Have a Relaxing Nights Sleep During PregnancyThu Apr 5th
This post is courtesy of guest blogger, Becky Webb. Becky is a mom, doula, and owner of Endless Blessings Birth. Be sure to check out her website at www.endlessblessingsbirth.com.
Have a Relaxing Nights Sleep During Pregnancy
Ah, pregnancy…it can be such a crazy time. You know you need rest, and many times you find yourself fatigued, but if you have other children running around or if you work full time you can’t always find time to lay your head on the pillow.
Then, during nighttime when you do find time to lay your head on the pillow it is easy to be uncomfortable because of your big belly, or you have to use the bathroom several times a night. Or, maybe you just have plain old insomnia. You could be day dreaming about your new precious little one or just have so much on your mind to accomplish before that little bundle of joy enters the world that you can’t rest peacefully.
So, what do you do to get that much needed rest? You know that during the first couple of months when that newborn comes you aren’t going to find yourself sleeping much. Surely, there are some tips or tricks that might help you find that restful night sleep so that you don’t have to battle all that fatigue daily.
Get plenty of Calcium – Did you know that a calcium deficiency can cause insomnia? Calcium and Magnesium work in partnership in the body to help you function properly, so if you find that you aren’t sleeping well try a calcium and magnesium supplement. From my research, a calcium and magnesium citrate may be best since it contains acid which will also help your body absorb the minerals.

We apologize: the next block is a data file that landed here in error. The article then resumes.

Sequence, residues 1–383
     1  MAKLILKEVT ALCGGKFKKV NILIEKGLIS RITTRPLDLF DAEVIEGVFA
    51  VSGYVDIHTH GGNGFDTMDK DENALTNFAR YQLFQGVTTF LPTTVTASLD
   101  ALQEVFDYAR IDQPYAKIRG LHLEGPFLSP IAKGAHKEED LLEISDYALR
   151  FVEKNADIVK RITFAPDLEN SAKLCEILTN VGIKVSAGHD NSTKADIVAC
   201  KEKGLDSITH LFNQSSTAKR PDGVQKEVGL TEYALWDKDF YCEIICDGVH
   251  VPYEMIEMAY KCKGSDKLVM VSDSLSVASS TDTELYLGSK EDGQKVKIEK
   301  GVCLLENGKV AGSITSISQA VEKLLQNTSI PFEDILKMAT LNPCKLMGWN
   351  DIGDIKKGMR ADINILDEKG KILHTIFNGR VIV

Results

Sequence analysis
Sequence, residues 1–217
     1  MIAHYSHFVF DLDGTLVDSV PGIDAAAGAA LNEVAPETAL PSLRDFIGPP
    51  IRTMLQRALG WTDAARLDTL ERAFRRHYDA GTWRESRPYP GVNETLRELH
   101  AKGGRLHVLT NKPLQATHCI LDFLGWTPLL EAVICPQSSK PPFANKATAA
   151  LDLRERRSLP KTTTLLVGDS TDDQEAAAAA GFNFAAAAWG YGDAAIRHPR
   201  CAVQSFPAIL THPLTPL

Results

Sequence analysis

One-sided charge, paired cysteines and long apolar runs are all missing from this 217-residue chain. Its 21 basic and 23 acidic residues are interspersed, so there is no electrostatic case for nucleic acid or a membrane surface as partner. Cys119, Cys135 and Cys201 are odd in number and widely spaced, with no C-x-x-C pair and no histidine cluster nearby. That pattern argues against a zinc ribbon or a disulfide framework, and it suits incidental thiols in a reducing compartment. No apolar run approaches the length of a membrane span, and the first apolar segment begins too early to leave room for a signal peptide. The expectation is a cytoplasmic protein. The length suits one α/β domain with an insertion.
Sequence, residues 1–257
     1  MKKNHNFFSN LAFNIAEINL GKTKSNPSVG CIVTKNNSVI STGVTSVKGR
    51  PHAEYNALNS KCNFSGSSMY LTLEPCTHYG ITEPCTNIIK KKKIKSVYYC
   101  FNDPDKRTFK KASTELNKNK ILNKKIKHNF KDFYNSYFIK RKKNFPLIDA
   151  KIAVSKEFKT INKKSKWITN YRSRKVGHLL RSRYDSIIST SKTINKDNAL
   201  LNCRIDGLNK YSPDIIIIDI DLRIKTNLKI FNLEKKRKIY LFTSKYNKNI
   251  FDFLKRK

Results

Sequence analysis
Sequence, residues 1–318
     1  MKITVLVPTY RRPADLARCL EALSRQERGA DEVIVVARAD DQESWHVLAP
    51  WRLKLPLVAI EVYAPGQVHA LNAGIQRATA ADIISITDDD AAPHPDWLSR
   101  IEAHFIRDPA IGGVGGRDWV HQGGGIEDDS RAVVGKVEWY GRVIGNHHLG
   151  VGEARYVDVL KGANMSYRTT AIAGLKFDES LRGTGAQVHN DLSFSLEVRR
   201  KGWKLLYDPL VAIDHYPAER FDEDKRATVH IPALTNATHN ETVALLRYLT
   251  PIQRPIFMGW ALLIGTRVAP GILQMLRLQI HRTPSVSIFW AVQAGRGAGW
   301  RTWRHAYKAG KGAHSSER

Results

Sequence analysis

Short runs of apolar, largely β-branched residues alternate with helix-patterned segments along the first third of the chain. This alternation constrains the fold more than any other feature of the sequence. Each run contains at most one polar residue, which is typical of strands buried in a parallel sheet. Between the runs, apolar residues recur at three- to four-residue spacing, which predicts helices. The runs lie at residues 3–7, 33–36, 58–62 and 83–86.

Minimize Stress – Unfortunately, it is nearly impossible to completely rid your body of stress, but it is best if you can find some ways to minimize it. Aromatherapy like lavender oils on your pillow or in a relaxing bath could help. Examine your life to make that you help reduce stressful relationships and situations if you can. Feel the freedom to take a step back instead of pushing yourself too far and listen to your body.
Try Relaxing Herbs – Not all herbs are recommended for pregnancy, so make sure you do some further research if you aren’t sure. However, herbs like chamomile can be put in teas or concentrated in glycerites in order to take the edge off. You can even safely take a mixture of chamomile and lavender buds as a tea that can help calm your mind.
Exercise – Exercise is known to reduce stress hormones like cortisol. Find a prenatal exercise class in your area, take long walks, or try prenatal yoga. Exercising will also help your body prepare for a restful nights sleep.
Get Plenty of Sunshine – Getting sunshine during the day can help you sleep better at night. When getting plenty of sunshine during the day it will increase your melatonin output at night. Since that is the hormone that helps you go and stay asleep you will rest much better!
Get More Pillows- Make yourself nice and comfy at night. Prop a pillow in between your knees and under your belly to help you sleep better. Made sure the parts of your body that may be vulnerable at night because of your loosening muscles are supported well.